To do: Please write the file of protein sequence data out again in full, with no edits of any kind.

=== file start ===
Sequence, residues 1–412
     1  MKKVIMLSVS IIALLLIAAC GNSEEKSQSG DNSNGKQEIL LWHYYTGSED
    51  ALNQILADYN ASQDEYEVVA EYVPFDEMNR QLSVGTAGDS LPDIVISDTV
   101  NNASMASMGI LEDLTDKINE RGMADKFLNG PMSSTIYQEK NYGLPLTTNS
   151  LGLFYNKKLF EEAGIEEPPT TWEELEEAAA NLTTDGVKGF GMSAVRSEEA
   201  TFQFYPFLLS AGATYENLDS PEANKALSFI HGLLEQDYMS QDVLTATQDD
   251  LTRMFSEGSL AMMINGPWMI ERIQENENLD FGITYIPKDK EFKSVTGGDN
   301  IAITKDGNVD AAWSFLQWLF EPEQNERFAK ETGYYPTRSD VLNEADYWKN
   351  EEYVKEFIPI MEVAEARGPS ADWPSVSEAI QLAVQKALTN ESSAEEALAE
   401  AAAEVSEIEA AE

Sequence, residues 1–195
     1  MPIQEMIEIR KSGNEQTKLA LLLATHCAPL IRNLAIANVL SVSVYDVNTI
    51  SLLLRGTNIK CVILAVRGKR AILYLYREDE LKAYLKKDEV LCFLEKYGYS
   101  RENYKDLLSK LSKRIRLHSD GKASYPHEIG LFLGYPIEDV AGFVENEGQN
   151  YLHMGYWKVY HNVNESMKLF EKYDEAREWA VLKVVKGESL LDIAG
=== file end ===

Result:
Sequence, residues 1–412
     1  MKKVIMLSVS IIALLLIAAC GNSEEKSQSG DNSNGKQEIL LWHYYTGSED
    51  ALNQILADYN ASQDEYEVVA EYVPFDEMNR QLSVGTAGDS LPDIVISDTV
   101  NNASMASMGI LEDLTDKINE RGMADKFLNG PMSSTIYQEK NYGLPLTTNS
   151  LGLFYNKKLF EEAGIEEPPT TWEELEEAAA NLTTDGVKGF GMSAVRSEEA
   201  TFQFYPFLLS AGATYENLDS PEANKALSFI HGLLEQDYMS QDVLTATQDD
   251  LTRMFSEGSL AMMINGPWMI ERIQENENLD FGITYIPKDK EFKSVTGGDN
   301  IAITKDGNVD AAWSFLQWLF EPEQNERFAK ETGYYPTRSD VLNEADYWKN
   351  EEYVKEFIPI MEVAEARGPS ADWPSVSEAI QLAVQKALTN ESSAEEALAE
   401  AAAEVSEIEA AE

Sequence, residues 1–195
     1  MPIQEMIEIR KSGNEQTKLA LLLATHCAPL IRNLAIANVL SVSVYDVNTI
    51  SLLLRGTNIK CVILAVRGKR AILYLYREDE LKAYLKKDEV LCFLEKYGYS
   101  RENYKDLLSK LSKRIRLHSD GKASYPHEIG LFLGYPIEDV AGFVENEGQN
   151  YLHMGYWKVY HNVNESMKLF EKYDEAREWA VLKVVKGESL LDIAG